ULSD – no, it doesn’t stand for “Uber-Lame-Stupid Diesel,” but it might as well. It stands for “Ultra-Low-Sulfur Diesel,” and is the dominant variant of diesel fuel offered to consumers here in North America, as well as Europe.
Much like when gasoline and tetraethyl lead went their separate ways (giving us unleaded gasoline), the expected result was reduced pollution at the cost of decreased efficiency. Similarly, reducing the amount of sulfur in diesel fuel, while detrimental to potency, has the plus side of expending less harmful emissions into the atmosphere.
Sulfur is a natural product of liquid crude oil, which is how all diesel starts. Crude oil is heated to 752 degrees Fahrenheit, whereupon it becomes gaseous. The gaseous oil goes into a fractional distillation tower where, at a certain level, it cools down and becomes liquid again. Diesel’s level is between 392-662 degrees Fahrenheit.
Sulfur that is embedded within the diesel fuel, and when burned, causes particulates (soot) and gives us the “rolling coal” look that many diesel enthusiasts enjoy on their rigs. The government, however, exercises jurisdiction through the EPA and has decided that soot can no longer be produced from the factory.
Per fueleconomy.gov, ULSD is supposed to have 97-percent less sulfur than low-sulfur diesel (LSD), which was the previous diesel fuel offered at fueling stations. In terms of hard numbers, this means that sulfur content drops to 15 ppm or less, where LSD was 500 ppm or less. ULSD was meant to coincide with the standards implemented in 2007 that made selective catalyst reduction (SCR) mandatory in all diesel vehicles from that year on.
To drive that point home, all fueling stations serving diesel had to switch to ULSD by December 1, 2010, or face the consequences; specifically, a fine of $32,500 per violation per day (yikes!). Additionally, the pumps had to display clear labeling saying they dispensed ULSD.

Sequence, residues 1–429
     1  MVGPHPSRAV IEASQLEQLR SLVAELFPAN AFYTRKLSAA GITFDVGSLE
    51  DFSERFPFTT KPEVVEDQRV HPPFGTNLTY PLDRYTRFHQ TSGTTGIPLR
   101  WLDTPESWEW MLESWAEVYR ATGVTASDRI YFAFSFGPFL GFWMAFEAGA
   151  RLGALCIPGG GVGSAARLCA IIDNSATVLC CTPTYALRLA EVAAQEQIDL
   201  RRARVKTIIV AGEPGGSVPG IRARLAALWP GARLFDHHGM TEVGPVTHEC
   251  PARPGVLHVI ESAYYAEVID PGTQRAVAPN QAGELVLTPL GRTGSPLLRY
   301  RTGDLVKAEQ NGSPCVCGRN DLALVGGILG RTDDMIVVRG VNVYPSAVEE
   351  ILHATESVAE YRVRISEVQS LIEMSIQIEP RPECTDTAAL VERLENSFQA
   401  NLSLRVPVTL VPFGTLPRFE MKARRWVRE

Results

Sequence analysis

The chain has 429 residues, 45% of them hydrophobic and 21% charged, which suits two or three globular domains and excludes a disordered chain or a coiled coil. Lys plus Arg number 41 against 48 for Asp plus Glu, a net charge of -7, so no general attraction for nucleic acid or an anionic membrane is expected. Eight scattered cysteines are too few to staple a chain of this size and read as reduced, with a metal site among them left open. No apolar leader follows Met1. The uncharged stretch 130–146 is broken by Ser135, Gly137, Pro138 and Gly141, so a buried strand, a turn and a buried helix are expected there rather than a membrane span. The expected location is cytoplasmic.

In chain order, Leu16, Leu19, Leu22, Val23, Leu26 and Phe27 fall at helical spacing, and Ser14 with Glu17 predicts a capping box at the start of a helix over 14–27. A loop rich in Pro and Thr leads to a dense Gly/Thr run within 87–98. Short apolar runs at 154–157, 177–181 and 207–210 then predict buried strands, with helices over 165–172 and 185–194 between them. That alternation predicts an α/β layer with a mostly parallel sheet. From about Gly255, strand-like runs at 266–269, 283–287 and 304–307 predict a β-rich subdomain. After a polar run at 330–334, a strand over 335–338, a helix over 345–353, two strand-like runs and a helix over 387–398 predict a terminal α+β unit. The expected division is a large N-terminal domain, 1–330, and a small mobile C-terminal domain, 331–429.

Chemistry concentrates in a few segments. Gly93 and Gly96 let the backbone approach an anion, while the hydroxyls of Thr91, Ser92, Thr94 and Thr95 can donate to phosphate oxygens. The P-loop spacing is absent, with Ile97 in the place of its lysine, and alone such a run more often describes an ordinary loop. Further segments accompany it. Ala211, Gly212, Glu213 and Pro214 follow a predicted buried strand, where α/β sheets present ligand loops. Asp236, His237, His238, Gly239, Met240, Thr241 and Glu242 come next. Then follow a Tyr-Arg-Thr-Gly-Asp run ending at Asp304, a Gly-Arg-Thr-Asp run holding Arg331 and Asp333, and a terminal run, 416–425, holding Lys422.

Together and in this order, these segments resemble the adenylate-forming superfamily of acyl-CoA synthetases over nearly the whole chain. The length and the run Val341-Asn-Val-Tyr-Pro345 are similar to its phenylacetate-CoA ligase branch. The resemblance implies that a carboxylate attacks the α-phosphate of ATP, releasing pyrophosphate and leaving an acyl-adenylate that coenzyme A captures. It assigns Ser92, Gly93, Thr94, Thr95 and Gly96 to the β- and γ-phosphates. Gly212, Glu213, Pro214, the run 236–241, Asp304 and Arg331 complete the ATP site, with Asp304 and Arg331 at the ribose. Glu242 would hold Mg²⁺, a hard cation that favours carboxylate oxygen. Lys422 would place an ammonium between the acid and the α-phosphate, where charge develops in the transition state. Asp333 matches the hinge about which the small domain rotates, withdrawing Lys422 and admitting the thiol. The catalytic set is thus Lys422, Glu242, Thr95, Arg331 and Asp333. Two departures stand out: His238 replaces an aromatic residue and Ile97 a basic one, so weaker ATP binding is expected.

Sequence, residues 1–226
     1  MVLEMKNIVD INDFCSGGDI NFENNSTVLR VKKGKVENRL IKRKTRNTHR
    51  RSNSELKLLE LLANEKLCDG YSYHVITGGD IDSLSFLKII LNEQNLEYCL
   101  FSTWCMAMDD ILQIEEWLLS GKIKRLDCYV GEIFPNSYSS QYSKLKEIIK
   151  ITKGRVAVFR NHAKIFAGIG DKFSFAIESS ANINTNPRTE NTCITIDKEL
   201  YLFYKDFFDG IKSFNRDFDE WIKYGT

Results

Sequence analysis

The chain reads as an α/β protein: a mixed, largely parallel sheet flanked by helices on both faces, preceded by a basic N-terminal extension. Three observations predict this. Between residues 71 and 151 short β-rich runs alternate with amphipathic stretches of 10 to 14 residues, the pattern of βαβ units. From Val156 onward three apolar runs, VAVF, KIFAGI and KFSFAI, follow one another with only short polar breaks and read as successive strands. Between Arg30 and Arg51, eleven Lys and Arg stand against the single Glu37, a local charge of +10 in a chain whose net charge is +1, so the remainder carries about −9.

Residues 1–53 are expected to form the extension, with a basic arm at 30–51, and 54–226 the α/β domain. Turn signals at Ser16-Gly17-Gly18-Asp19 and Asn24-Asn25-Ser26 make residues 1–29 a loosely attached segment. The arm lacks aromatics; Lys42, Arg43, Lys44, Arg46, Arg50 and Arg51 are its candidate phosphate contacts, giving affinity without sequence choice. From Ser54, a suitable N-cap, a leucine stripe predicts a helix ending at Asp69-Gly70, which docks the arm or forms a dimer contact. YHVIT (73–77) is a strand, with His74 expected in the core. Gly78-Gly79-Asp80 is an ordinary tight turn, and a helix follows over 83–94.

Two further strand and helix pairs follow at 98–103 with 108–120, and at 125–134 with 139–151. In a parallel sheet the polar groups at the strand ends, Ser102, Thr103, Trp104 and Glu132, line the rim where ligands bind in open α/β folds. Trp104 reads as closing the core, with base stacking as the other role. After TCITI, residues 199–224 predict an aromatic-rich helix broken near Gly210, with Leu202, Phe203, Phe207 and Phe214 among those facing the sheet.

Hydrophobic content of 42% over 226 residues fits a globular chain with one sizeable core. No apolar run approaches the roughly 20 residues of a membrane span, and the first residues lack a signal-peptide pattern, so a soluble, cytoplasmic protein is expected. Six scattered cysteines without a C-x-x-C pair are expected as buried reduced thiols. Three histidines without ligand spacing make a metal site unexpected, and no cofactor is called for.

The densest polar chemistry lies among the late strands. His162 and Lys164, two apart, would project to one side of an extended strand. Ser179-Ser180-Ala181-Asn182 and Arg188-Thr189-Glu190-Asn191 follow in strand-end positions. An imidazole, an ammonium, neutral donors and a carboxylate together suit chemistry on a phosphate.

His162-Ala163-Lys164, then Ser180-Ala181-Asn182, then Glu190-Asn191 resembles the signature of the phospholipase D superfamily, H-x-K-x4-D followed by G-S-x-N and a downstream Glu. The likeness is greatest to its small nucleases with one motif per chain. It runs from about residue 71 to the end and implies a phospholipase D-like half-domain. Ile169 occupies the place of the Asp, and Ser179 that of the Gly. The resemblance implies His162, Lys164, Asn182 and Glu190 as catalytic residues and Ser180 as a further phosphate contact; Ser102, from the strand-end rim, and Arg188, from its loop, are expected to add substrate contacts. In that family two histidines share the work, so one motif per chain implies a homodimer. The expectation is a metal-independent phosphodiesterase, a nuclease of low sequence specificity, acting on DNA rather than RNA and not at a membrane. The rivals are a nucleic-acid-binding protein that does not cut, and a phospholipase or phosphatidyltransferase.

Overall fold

All seemed well and good – everyone could enjoy better air quality, and enjoying this earth could last a little longer. On the downside, ULSD had properties that made it bad for trucks.
Chiefly, it lacked the lubrication properties of LSD, partly provided by the aforementioned sulfur. Without sulfur, the fueling systems of diesel trucks would wear out faster than before. Another point was that it contained less BTUs (British Thermal Units) than LSD. This was somewhat of a moot point, as it only dropped by 1-2 percent, equating to an additional $500 over the course of 100,000 miles, but it was a loss nonetheless.
One more point was its hygroscopic nature, making it inclined to absorb water from the air. As any diesel guy will tell you, having water in the fuel system is devastating, as it can corrode fuel tanks, pumps, and injectors, as well as plug up filters.
So, this is the reality we live in – use diesel that absorbs moisture and slowly kills your truck, or breathe air that slowly gives you cancer and lung disease. The government already made its decision, but where do you stand on ULSD? Feel free to leave a comment below.